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I know that stable non-circular orbits in euclidean space exist only in 3 spatial dimensions but what about if the spatial dimensions are hyperbolic instead? Are there any stable non-circular orbits in 2 or 3 dimensional hyperbolic space?

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The gravitational field for any space of dimension > 1 scales inversely with the area of a sphere in that space. In hyperbolic 3-space, the area of a sphere is given by $A = 4\pi\sinh(r)^2$; the same as the formula in euclidean space, but substituting $\sinh(r)$ for the euclidean $r$.

Any curved space is locally equivalent to flat euclidean space on a small enough scale. The corresponds to the fact that $\sinh(r) \approx r$ when $r < 1$ (if $r$ is measured in units where the curvature of the space is equal to -1, setting the absolute scale for the space). Thus, for orbits where the apoapsis is much less than 1 in the absolute scale of the space, everything will work pretty much identically to orbits in normal euclidean space, with only minor perturbations, and thus, yes, there are stable orbits.

Above that scale, the $\sinh$ function fairly rapidly blows up, and the potential acts like that of the gravitational potential in a series of every higher-dimensional euclidean spaces, for which there are no non-circular bounded orbits. A minor perturbation from circularity will result in a satellite flying off to infinity, or being drawn to the center. That seems to suggest that there would be no stable, bounded non-circular orbits with sizes above the absolute scale of the space, except that perturbations resulting in infalling paths will eventually pass through the pseudo-Euclidean region before actually reach the center, where the centrifugal pseudo-force would start to dominate over a force which does not increase as quickly towards the center as it would in a higher-dimensional euclidean space, forcing the satellite outwards again. It is not, however, immediately obvious whether that results in bounded baths, or merely converting inwardly-unbounded paths into outwardly-unbounded ones, and I'm not certain how to prove that.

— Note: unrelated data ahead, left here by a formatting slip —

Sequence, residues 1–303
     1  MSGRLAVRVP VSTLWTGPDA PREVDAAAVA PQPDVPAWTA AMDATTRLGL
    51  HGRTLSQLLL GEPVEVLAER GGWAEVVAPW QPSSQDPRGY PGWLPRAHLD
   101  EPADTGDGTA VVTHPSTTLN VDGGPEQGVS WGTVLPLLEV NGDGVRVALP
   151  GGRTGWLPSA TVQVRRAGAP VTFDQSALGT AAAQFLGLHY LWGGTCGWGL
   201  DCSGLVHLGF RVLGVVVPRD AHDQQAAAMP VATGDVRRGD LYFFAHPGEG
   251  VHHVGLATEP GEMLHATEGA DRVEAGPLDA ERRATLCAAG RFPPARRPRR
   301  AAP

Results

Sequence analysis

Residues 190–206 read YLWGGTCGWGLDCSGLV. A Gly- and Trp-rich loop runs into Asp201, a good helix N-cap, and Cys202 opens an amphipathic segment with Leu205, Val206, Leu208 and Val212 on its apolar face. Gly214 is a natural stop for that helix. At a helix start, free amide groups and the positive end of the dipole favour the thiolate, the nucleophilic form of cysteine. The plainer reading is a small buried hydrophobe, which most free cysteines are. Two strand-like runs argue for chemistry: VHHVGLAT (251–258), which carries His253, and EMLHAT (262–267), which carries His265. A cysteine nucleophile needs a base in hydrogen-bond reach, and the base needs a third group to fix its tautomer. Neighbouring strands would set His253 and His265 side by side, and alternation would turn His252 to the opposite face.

More rigorously, in order to show that there are bounded orbits, we need to show that the effective potential parameterized by angular momentum $L$ has a minimum. If my thinking on how centrifugal force works in hyperbolic space is correct, then the effective potential should look something like $U(r)_\text{eff} = \frac{L^2}{2m\sinh(r)^2} - k\coth(r)$. Playing around with this for a while in Wolfram Alpha, there are global minima to the function in $r$ for values of $L$ less than about $0.7$. Above that, surprisingly, you start to get series of multiple shallow local minima, which somewhat surprisingly seems to indicate that not only do bounded orbits exist at all scales, but that at high enough momenta, there are multiple bounded orbits at different energies!

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Apparently no stable orbits in 2+1 dimensions, either: http://arxiv.org/abs/gr-qc/9303005

As for 1+1 dimensions, there is no gravity (the Einstein tensor is a topological invariant, so spacetime is static)

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